The April Meeting will be held at the Sacajawea Middle March 1st.

The meeting starts at 7 PM.

The program for the April meeting is a demonstration of a tracking system, similar to APRS, by Tele-Tech.


Presidents Column

Jim Hall, AA8Y

With the warmer weather we are having it makes me thing that its time for all of us to start thinking about any antenna work that needs to be done and any new antennas that we have planned for this Summer.

The GHRC Hamfest will be held this year on Saturday, October 13th, at Sacajawea Middle School in Bozeman.

Don Wilson, KC7EWZ, has agreed to take the job of hamfest chairman again. Don will need lots of help and support from all of us.

The next VE Exam session will be held a week later than it normally, June 16th, would because of the SW Engine Academy to be held June 9th and 10th. I attended last year and want to attend again this year.

We need to finalize where we are going to have Field Day and start working on how we are going to operate and what other activities we will have ( pot luck ) etc.

The second chapter of Don Wilson's. KC7EWZ, GPS notes are in this edition of the newsletter and as to be expected from Don are really good. The information is good for those of use (me for one) who are a little shaky with the gps.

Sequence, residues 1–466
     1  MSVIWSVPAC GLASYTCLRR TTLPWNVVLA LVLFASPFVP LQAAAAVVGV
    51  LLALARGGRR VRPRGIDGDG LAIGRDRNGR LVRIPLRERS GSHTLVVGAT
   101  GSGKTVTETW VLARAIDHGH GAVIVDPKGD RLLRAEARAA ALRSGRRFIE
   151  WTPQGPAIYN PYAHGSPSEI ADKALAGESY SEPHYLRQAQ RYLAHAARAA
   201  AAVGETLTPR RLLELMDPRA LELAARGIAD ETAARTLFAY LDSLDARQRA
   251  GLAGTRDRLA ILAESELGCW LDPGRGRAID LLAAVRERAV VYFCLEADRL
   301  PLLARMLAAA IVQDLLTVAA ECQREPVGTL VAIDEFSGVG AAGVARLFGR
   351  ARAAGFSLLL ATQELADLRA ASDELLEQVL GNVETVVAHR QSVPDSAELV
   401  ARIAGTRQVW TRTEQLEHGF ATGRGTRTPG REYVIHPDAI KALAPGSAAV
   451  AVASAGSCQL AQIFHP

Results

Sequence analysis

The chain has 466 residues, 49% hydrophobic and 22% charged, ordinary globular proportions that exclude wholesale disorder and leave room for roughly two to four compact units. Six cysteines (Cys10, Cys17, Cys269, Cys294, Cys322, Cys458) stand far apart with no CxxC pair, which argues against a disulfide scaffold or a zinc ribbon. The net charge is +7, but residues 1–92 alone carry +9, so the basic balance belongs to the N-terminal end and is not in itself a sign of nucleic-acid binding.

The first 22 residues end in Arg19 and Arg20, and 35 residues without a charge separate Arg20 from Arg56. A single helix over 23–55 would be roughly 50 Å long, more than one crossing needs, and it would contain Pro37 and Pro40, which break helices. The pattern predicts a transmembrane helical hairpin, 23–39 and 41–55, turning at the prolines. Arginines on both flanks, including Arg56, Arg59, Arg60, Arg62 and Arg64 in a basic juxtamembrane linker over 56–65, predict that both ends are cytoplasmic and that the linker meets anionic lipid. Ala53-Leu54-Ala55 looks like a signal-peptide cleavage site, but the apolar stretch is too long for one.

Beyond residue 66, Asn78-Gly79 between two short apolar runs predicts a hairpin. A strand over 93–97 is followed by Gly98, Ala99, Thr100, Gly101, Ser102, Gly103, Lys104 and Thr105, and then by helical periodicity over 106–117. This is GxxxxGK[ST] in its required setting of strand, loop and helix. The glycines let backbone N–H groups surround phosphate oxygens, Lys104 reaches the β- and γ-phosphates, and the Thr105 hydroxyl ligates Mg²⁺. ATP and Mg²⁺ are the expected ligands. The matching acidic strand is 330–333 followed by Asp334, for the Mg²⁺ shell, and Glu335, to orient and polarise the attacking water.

Don KC7EWZ also wrote an article about the rescue of a young ham who was out hiking and got himself in trouble.


Meeting Minutes

Minutes of March 1, 2001 Meeting – submitted by KD7FVR, Ron

The March meeting was held at Sacajawea Middle School. President Jim AA8Y called the meeting to order at 7:00 PM. 17 members were in attendance.

Minutes of the February 2001 meeting were approved as printed in the newsletter.


Harley KI7XF reported that the club balance is approximately $1355.00. Treasurer's report was accepted by unanimous vote.


Doug KK7VC announced that there will be no program tonight. Next month Tele-Tech will present a program on APRS.

Jack N7ODN said that the Technician Class is going well. There are 15 students in the course. There will be 20 – 25 candidates for the exam on March 3rd. New tapes are not yet available. If they become available by April he may be interested in holding a General class in late May for the June exam. It might be preferable to wait for fall to put on the class for the September session or the Ham Fest exam.

Jeff AA7GK announced new packet digipeater in Helena. The 145.00 machine is on Hogback Mountain. Helena also has an APRS repeater on Hogback. Jeff is the Sky Warning Coordinator for Bozeman. Communications for the Blue Angels Air Show on July 21st and 22nd will be headed up by an ex Marine Colonel. Jeff is unsure at this time how much involvement the hams will have in the communications.

Fred KE7X announced the SW Engine Academy June 9th and 10th in Big Sky. The ops chief would like hams to organize and run communications for the Academy. The helicopter from Helena will require flight following communications every 15 minutes. Fred suggested positioning hams at each of the different events to track and report on tasks. Approximately 150 people and 24 engines will be in attendance. The next organizational meeting is 7:30 PM, March 28, at the Belgrade training Center.